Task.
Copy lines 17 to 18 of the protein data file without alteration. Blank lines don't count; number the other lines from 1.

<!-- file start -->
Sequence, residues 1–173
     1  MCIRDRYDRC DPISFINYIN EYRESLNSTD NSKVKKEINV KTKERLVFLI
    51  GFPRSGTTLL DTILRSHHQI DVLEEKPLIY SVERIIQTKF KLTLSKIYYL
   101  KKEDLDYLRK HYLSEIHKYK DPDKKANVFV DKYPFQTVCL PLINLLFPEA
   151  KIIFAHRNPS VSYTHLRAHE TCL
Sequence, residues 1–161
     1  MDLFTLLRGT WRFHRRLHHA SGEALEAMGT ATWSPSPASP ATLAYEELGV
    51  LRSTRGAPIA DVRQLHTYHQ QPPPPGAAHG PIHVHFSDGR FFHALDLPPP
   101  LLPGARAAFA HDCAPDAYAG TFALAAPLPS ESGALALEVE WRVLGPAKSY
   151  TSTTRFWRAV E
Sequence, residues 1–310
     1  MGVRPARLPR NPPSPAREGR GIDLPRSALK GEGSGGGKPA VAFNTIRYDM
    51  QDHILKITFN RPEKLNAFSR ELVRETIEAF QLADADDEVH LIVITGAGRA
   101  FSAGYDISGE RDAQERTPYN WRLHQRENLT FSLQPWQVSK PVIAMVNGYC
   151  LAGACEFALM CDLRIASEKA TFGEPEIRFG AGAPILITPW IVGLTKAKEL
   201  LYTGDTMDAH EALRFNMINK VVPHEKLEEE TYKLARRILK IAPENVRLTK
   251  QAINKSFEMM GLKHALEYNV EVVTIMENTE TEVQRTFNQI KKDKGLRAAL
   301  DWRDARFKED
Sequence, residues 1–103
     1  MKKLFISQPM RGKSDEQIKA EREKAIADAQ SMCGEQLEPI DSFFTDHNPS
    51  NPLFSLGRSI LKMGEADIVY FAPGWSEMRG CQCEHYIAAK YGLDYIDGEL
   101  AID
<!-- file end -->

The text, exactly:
   251  QAINKSFEMM GLKHALEYNV EVVTIMENTE TEVQRTFNQI KKDKGLRAAL
   301  DWRDARFKED